I heartily recommend the book Incognito: the Secret Lives of the Brain. The author David Eagleman is a neuroscientist who tells engaging stories that illustrate the workings of the brain. The central thesis is that “most of what we do and think and feel is not under our conscious control.” It raises a disturbing question of who am I if my thoughts, decisions and even self discipline, will power and impulse control are all decided well before I become aware of thinking about them?
He explains that the brain is in the business of collecting information about the world and making appropriate decisions, and that most of that happens without our ever becoming aware of it. One telling example he gives is that you can be driving down a familiar street and your foot jumps to the brake and begins stopping the car BEFORE you notice that a child is running out into the street to chase a ball. The brain has noticed the unusual situation and responded to it. Because this is such an emergency the brain determines that it is worth sending the decision to stop the car up into the level of your consciousness. But you were stopping the car before you ever had a conscious thought to do so, and the decision to stop had been made before you were aware that a hazardous situation was emerging. So…who made that decision? Not the conscious “you” with whom you identify. That self-conscious, aware person that you consider as your identity was the LAST to be informed about the decision.
One way he illustrates the mechanics of our brains is through optical illusions and tricks of timing of perception, showing that we construct our understanding from mechanical processes that may not be based upon what is actually in front of us. One striking line from the book is, “So the first lesson about trusting your senses is: don’t. Just because you believe something to be true, just because you know it’s true, that doesn’t mean it is true.” Consider the implications that this has on eye witness testimony in a court of law…another situation that he goes into some detail describing.
Eagleman points out that the workings of the brain are so complex that our awareness would obstruct the operations. He draws the analogy that our brain is like a nation, full of industry, and our awareness is like a newspaper with articles about specific trends of interest. Our conscious thoughts are after-the-fact headlines describing work that has already been done. One of the subchapters is called: How Far in the Past Do You Live?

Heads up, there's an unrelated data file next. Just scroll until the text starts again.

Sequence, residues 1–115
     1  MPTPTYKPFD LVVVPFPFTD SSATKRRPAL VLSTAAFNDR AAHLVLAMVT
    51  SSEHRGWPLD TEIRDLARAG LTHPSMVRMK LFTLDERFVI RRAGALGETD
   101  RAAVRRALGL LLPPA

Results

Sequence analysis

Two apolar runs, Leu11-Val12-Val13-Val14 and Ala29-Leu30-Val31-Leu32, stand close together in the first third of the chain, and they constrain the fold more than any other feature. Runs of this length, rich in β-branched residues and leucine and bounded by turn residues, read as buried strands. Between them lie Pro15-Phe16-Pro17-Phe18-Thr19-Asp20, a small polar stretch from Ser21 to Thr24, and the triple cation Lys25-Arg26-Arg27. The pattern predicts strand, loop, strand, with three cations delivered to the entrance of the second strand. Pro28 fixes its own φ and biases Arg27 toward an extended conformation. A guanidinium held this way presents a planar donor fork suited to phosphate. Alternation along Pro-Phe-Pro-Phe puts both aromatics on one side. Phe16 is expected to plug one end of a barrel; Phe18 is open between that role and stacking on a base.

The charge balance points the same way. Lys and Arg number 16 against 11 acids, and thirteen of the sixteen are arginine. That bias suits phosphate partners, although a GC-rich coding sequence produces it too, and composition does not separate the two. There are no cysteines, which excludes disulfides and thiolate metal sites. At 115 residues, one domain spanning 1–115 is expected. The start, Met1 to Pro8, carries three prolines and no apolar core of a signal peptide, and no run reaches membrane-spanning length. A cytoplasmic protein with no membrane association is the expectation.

Building upon all of this, he devotes an entire chapter to “The Kinds of Thoughts That Are Thinkable.” This is based upon the human “Umwelt” which is our ability to perceive and interact with the world. Our eyes can perceive certain wavelengths of light and focus to a certain distance, our ears hear a specific range of vibrations, our skin can perceive temperatures only within a certain range. Other animals can perceive other spectra of these ranges…each species has its own umwelt. Ours evolved to allow us to survive upon the African savannah and those are the ranges available for our perception. Even among individuals there are differences, such as color blindness or hearing deficits. We cannot conceive of perceptions outside of our ranges nor process concepts outside of the circuitry of our brains. For example, humans tend to have great social intelligence and much more limited logical abilities, because our survival depended upon staying together as a group. You can’t imagine a five-dimensional cube. Even though a mathematician would tell you that it is every bit as real as one that is three dimensional, that mathematician would not be able of visualize it either.
One concept from the book made a particularly strong impression upon me. In the chapter “The Brain Is a Team of Rivals” he explores how deeply divided our mental processes operate. This results in the familiar feelings of ambiguity about a decision, or the frequency with which we might change our minds, even the ability we have to argue with ourselves.
He works through the chapters giving clinical examples of aberrant behavior and links it to specific sectors of the brain. He does an excellent job of demonstrating how our personality and its changes are neurological and hormonal, further undercutting the our sense of sovereign self-determinism. Toward the end of the book he explores implications to the concept of free will. He suggests a new model for the criminal justice system that changes the burden of proof from establishing guilt and consequent punishment to a system of rehabilitation with the sentence determined by the probability that the offender will not repeat the offense.
This is one of those books that keeps coming up in my conversations, in that it is relevant to so many different threads of perception and discussion. I would like for everyone to have read this book so that we would all have these concepts in common. It is simultaneously humbling and empowering. I’m loaning it to several friends. I suggest that YOU read it too!
Incognito: The Secret Lives of the Brain by David M. Eagleman, Vintage Books, April 2012